Carefully crafted to respect views from, into and of the site, the building has been designed to sit comfortably within the historic setting and provide a visually attractive addition to this once derelict corner.
What drove the selection of materials used in the project?
The material palette embodies the key architectural concept of contrasts; between old and new, and hard and soft. The new, thick masonry walls and tower on the courtyard side provide a modern, complementary aesthetic that references the solid character of the existing stone walls without trying to compete with them. In contrast, soft, natural timber cladding envelops the building to the rear riverside walkway, culminating in a rhythmic arrangement of vertical batons around the recital hall. A sedum roof insulates practice rooms from noise, attenuates rainfall and softens its appearance when viewed from the town above.
What is your favorite detail in the project and why?
An intimate, new riverside walkway provides a respectful and renewed relationship between the music building and listed river wall.
How important was sustainability as a design criteria as you worked on this project?
It was important to the entire team to create a low carbon building that also delivered the complex technical requirements of a music school. As the school is owner-occupied, they were keen on ensuring the performance of the building.
During concept design (RIBA stage 0-2), we carried out thermal comfort and energy analysis to help inform the design, alongside the acoustic constraints associated with a music school. Our key aims were to use a fabric first approach to reduce the requirement for energy, while designing out or reducing the requirement for cooling.
Passive design features include deep set windows on the south east façade to reduce solar gains in summer, natural ventilation to classrooms and roof lights to bring natural light into the centre of the plan.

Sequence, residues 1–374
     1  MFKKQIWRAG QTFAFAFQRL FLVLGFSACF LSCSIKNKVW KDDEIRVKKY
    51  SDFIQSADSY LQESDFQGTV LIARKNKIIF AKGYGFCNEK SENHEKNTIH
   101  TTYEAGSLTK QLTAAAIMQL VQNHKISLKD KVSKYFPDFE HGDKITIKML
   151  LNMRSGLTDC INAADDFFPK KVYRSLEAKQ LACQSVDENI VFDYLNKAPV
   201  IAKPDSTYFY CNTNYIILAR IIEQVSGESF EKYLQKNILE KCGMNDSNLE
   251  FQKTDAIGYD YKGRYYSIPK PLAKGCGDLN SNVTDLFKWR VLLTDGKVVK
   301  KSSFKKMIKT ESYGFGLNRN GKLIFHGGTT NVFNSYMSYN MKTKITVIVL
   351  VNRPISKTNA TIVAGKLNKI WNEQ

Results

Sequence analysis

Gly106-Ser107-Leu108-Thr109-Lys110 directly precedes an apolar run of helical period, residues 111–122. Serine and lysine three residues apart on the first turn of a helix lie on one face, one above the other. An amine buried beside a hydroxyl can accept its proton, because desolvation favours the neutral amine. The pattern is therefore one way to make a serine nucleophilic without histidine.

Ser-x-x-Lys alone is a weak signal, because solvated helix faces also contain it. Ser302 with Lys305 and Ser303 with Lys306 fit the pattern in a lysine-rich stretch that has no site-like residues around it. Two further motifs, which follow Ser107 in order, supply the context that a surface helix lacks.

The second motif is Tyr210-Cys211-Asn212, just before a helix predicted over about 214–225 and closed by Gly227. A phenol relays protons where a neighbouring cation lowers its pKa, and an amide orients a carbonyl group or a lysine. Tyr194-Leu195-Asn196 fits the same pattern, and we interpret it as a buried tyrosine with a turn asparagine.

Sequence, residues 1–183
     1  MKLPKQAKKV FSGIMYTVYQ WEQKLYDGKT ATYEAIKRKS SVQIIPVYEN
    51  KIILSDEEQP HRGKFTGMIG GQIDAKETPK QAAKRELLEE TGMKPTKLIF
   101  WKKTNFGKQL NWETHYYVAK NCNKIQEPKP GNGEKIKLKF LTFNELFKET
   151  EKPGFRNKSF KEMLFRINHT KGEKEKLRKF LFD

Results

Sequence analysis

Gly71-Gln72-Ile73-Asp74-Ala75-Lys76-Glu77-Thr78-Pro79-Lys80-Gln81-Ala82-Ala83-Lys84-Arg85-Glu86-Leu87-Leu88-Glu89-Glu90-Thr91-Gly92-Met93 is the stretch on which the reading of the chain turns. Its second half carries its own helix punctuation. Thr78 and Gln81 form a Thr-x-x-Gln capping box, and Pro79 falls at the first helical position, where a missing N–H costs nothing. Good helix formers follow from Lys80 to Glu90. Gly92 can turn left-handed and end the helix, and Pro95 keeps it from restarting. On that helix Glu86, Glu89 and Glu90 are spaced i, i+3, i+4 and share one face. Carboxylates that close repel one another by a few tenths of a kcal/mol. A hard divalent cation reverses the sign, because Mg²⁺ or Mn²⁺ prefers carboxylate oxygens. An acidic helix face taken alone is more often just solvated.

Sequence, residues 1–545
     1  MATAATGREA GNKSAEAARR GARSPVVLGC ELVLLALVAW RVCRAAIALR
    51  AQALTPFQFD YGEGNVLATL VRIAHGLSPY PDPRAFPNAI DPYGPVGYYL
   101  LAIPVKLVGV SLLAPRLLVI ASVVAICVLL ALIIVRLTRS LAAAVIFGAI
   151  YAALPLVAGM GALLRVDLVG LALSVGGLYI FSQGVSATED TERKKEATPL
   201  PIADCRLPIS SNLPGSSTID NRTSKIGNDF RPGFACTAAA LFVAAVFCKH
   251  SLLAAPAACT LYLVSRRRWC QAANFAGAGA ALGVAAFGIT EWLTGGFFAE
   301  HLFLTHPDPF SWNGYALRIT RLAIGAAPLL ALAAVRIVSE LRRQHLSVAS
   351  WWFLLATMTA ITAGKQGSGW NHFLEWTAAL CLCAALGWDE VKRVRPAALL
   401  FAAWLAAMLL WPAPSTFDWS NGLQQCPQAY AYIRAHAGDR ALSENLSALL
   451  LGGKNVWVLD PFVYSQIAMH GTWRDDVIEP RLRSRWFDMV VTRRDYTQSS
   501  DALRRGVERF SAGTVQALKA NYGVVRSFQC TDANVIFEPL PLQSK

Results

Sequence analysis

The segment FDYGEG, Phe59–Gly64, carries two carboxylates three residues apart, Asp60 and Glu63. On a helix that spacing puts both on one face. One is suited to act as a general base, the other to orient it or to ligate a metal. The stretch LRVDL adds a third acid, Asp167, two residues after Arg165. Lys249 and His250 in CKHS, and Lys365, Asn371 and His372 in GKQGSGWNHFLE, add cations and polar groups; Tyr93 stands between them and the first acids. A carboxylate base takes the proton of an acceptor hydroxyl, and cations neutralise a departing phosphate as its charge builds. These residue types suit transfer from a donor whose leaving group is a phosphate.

How have your clients responded to the finished project?
Ian Wilmshurst, Headmaster at King’s School, Bruton, said: “I knew how I hoped the building would transform both our music facilities and an unappealing brownfield site at the centre of our historic campus. Once Levitt Bernstein were given the contract, I knew we would have an impressive new build but, to be honest, the final building is even better than I hoped for. The design, the build quality, the use of light and space as well as the sound and acoustic engineering are all of the highest quality.”
Is there anything else important you’d like to share about this project?
Her Majesty Queen Elizabeth II honoured King’s Bruton by formally opening the newly built ‘Queen Elizabeth Music School’ to celebrate the School’s 500th anniversary.
Civic Engineers (Structural Engineer), QODA Consulting (Environmental/M&E Engineer), PGP (Quantity Surveyor), Applied Acoustic Design (Acoustic Engineer) and Theatretech (Theatre Consultant)
For more on King’s School, Bruton, please visit the in-depth project page on Architizer.